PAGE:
The Canadian navy is poised to begin installation of a floating fence aimed at protecting its ships in Halifax and Esquimalt, B.C.
For any large ship a continuing concern is the possibility of a small, fast boat loaded with explosives, heading in its direction. It's the type of attack that damaged the USS Cole in Oct. 2000, killing 17 sailors and wounding 39 others.
Now the navy wants to spend about $3.5 million for floating fences at each base, that could be two metres high.
"It's for force protection, to protect the assets we have here from any potential threats," said Lt.-Cmdr. Scott Tofflemire who monitors activity in the waters of Halifax harbour.
In the Nova Scotia capital there are concerns it may be an eyesore. Others, in the tourist industry, are worried the fence could cut into their business.
Peter Murphy runs a tour company in Halifax harbour where every year thousands of tourists pay $20 to see the sites, including the navy ships. He says "it's probably the highlight of the tour. People want to see those ships."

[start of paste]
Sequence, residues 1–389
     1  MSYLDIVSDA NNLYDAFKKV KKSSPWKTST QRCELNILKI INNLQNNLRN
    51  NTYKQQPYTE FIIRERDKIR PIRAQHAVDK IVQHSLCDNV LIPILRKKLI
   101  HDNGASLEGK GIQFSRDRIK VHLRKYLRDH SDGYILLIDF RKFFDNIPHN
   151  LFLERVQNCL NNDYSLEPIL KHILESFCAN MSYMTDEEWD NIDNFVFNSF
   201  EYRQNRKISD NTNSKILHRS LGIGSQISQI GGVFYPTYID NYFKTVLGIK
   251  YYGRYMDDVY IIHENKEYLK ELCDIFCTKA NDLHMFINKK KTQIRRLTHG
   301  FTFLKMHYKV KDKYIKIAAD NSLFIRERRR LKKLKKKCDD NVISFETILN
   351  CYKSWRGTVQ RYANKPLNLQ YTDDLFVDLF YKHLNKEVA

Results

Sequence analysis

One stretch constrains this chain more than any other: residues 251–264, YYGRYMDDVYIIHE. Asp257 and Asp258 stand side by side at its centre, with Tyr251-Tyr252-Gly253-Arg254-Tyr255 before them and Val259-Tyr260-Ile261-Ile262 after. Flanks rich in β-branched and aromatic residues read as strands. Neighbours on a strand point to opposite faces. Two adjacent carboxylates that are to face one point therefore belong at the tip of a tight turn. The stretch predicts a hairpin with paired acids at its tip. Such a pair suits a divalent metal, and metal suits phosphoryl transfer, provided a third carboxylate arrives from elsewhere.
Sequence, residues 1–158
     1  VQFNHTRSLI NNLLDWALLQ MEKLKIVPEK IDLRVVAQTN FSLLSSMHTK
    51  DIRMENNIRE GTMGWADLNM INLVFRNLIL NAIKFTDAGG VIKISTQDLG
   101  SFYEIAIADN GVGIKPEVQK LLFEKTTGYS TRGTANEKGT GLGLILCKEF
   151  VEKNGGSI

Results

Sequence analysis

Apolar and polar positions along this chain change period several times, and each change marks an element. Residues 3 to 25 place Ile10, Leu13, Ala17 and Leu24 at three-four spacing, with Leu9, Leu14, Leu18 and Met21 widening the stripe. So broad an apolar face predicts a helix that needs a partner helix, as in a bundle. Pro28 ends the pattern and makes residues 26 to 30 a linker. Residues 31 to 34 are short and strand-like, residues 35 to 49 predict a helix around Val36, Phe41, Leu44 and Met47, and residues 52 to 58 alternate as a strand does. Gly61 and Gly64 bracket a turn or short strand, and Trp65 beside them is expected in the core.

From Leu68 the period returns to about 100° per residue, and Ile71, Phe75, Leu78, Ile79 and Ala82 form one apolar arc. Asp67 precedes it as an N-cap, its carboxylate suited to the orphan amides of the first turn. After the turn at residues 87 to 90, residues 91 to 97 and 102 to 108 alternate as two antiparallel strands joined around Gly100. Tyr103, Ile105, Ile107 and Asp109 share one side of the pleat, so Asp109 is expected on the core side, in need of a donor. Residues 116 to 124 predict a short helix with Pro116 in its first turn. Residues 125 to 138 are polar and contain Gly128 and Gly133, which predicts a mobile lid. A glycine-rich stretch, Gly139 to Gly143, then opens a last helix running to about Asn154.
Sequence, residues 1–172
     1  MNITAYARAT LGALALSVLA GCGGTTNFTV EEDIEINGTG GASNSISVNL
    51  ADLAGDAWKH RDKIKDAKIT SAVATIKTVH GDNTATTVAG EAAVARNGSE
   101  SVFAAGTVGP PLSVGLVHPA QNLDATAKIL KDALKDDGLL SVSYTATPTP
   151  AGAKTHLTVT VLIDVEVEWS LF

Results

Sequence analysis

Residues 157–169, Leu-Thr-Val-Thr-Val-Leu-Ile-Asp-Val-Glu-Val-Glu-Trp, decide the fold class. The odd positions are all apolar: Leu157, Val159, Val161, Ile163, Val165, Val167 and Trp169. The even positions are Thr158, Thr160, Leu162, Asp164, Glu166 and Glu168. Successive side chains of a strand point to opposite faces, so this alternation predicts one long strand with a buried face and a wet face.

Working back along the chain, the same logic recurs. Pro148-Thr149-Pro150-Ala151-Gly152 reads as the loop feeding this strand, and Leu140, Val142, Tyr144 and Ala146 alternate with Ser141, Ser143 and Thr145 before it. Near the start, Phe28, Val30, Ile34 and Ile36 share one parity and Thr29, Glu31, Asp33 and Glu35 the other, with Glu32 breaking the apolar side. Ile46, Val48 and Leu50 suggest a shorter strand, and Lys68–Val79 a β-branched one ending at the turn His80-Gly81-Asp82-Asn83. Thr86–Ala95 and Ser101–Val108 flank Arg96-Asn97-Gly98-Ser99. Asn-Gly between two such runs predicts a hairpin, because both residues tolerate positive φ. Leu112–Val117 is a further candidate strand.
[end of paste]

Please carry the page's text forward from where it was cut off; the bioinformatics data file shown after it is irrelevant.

But aesthetics and tourism are easily trumped by the need for security, especially since it's not just Canadian ships that are vulnerable. Halifax plays host to ships from around the world.
The navy can't say exactly how high the fence will be. It still hasn't selected the winning design. The only sure thing at this point is that, by this summer, the days of getting close to a warship in Canadian waters will be over.